I have said the same thing about myself a few times. And I have meant it. So I know precisely the flavor of this despair.

My mom never did anything to me, except, perhaps, to not be able to love me the way I should have been loved because of all the evil, poisonous seeds my grandmother planted in her head.

My grandmother stole my mother from me. She stole her from all of us. She stole her from the world.

She outlived my mother by a few years. Life’s like that. The good die young, the mean live on.

One of my sisters told me about a comment my grandmother made when my mom died. I won’t repeat the comment here, other than to say it was so mean, so cruel, that when I heard it, it shocked me to my core.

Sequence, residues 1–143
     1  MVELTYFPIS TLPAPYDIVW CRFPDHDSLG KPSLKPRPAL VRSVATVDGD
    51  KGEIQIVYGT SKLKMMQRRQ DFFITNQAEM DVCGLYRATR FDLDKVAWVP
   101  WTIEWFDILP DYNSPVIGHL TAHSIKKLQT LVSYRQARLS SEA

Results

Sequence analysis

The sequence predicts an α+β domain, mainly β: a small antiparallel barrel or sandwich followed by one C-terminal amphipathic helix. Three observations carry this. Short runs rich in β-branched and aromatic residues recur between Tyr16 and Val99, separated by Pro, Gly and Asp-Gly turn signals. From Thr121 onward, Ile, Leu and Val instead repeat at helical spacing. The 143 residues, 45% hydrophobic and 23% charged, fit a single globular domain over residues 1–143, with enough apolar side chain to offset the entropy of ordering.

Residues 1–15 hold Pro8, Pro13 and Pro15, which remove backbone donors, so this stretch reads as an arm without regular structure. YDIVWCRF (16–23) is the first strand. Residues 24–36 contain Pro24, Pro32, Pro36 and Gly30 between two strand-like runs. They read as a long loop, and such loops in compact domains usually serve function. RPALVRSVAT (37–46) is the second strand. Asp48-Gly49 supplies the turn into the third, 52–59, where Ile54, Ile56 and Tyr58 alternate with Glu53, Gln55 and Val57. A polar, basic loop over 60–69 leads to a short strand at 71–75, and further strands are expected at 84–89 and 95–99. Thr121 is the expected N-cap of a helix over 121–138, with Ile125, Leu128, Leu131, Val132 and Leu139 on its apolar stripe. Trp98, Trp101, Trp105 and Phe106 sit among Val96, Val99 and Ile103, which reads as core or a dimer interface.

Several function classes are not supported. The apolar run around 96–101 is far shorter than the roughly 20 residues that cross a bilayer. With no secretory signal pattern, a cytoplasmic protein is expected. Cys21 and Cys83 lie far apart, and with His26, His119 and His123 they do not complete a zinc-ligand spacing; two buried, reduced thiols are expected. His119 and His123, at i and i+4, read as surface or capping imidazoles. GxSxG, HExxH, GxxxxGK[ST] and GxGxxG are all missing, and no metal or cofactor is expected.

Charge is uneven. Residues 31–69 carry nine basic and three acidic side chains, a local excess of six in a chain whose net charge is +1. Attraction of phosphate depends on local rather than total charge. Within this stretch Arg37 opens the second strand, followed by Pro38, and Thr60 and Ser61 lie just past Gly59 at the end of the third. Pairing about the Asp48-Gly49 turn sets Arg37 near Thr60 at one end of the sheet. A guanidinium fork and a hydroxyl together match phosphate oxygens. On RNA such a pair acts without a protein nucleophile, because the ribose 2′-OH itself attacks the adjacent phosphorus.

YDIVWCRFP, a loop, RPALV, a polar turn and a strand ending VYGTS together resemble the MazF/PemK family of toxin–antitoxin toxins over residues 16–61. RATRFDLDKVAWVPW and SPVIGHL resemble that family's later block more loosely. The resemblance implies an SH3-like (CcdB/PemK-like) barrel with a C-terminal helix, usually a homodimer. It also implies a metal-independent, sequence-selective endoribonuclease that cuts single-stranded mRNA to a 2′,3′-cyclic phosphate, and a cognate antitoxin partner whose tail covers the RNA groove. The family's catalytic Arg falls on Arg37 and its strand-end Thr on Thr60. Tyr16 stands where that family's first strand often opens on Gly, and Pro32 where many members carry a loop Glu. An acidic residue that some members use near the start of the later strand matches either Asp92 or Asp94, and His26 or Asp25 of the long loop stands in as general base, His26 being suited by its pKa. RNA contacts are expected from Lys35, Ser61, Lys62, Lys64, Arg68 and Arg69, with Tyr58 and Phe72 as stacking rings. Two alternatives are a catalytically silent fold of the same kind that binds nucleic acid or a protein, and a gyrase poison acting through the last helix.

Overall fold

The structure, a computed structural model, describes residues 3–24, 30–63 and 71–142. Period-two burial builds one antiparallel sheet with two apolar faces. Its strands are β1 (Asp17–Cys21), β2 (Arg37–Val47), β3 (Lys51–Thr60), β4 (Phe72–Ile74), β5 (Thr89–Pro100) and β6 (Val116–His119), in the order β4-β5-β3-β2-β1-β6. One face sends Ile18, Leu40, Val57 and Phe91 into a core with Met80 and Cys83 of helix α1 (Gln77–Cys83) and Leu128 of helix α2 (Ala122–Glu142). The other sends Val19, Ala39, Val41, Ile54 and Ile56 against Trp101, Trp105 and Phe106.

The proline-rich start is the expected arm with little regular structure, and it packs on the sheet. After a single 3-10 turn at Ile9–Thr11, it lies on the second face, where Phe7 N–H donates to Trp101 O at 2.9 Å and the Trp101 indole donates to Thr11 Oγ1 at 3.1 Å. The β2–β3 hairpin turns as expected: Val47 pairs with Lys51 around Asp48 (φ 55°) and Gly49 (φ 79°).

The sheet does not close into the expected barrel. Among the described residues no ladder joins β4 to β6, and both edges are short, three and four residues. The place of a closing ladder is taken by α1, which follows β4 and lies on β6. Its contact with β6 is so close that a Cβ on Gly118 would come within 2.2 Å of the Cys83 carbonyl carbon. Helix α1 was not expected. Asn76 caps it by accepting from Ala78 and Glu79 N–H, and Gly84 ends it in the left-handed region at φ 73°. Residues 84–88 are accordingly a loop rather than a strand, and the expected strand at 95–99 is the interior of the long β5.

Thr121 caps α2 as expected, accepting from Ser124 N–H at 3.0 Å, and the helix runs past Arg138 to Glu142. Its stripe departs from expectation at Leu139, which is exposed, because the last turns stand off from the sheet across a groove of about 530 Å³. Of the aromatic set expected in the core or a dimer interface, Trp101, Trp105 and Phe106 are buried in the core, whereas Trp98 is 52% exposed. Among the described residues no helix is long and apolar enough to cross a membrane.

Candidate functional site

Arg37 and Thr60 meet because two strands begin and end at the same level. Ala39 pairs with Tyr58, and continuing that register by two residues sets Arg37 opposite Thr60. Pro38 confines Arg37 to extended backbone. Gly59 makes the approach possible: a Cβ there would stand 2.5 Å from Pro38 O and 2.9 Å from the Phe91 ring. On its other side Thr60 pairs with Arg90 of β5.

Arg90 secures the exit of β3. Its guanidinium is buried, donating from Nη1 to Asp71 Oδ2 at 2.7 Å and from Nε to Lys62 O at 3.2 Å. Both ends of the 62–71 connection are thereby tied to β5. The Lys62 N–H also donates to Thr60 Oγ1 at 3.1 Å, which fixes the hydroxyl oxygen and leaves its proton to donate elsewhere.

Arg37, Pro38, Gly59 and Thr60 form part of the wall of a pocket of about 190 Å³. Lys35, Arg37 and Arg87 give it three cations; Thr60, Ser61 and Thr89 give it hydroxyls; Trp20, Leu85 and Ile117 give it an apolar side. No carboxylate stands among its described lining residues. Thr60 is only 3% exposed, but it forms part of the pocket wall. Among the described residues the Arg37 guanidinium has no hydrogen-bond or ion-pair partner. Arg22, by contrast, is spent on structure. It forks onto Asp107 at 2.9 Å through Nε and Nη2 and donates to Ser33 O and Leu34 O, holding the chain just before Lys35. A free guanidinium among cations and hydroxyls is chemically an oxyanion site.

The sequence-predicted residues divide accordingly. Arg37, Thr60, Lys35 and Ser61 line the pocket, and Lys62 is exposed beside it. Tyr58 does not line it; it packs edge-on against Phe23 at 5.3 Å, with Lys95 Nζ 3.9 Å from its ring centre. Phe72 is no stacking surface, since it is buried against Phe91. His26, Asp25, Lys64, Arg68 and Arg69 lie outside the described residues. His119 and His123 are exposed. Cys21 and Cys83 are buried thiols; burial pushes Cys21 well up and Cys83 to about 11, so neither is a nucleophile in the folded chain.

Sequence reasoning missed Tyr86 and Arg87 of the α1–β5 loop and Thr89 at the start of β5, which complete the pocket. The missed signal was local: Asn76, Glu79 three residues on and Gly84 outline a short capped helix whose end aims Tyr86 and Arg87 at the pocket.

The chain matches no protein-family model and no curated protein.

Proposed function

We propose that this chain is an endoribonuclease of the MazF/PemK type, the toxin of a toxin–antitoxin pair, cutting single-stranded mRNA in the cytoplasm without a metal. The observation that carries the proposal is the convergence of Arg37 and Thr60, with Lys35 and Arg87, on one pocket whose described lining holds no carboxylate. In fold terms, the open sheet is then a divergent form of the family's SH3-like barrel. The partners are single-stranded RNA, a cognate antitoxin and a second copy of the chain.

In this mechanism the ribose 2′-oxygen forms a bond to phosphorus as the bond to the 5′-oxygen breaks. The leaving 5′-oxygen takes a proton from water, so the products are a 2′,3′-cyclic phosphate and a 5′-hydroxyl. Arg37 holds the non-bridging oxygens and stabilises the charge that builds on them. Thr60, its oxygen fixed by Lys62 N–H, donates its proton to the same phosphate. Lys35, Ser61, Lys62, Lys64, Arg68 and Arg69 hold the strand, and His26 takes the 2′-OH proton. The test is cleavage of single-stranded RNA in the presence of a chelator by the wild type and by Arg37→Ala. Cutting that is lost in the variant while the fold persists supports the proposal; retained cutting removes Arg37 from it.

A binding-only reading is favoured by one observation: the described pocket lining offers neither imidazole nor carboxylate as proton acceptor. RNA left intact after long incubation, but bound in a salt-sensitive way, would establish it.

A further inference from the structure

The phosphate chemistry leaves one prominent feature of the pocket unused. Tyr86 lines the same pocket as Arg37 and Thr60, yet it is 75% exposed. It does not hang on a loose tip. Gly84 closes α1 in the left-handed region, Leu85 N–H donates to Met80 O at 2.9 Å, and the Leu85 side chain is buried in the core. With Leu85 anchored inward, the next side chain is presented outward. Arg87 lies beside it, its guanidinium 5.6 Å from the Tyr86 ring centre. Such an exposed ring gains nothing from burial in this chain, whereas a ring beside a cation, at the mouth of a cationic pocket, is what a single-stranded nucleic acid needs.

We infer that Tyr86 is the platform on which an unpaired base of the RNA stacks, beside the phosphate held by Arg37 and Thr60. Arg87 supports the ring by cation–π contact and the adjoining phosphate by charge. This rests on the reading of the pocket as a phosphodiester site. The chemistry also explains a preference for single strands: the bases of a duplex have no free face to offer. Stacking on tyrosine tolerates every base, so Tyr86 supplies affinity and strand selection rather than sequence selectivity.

And I knew it was true. Because suddenly I realized that’s how my grandmother was my whole life.

The veil had been raised between my mother and me, between my mother and all of us. I never pierced it. I was made to be so afraid of her, then to look down on her “inability to live a stable life” that I never tried to see through it. I never tried to lift even a corner. Oh, I loved her, of course. But only so much.

And my mother was never able to raise the veil because the same poisonous seeds about herself were planted in her soul, too. I only have this small comfort: My mother loved me as well as she could. She loved me to the limit of her ability to love.

The hardest lesson to learn is that the people you think are good are evil, and the people you think are evil are good. And when you realize how duped you were, how easily lies like these took you in, how can you ever trust anything again? How hard does it become to see good in the world? Good people are only evil people faking it.